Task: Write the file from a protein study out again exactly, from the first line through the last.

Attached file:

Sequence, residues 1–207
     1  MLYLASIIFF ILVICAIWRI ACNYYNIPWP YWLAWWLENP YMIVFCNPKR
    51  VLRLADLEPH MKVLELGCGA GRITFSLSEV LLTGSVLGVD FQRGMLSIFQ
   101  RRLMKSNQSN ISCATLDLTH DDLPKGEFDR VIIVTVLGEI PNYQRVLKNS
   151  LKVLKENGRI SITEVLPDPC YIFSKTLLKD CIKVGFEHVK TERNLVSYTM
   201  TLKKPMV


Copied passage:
Sequence, residues 1–207
     1  MLYLASIIFF ILVICAIWRI ACNYYNIPWP YWLAWWLENP YMIVFCNPKR
    51  VLRLADLEPH MKVLELGCGA GRITFSLSEV LLTGSVLGVD FQRGMLSIFQ
   101  RRLMKSNQSN ISCATLDLTH DDLPKGEFDR VIIVTVLGEI PNYQRVLKNS
   151  LKVLKENGRI SITEVLPDPC YIFSKTLLKD CIKVGFEHVK TERNLVSYTM
   201  TLKKPMV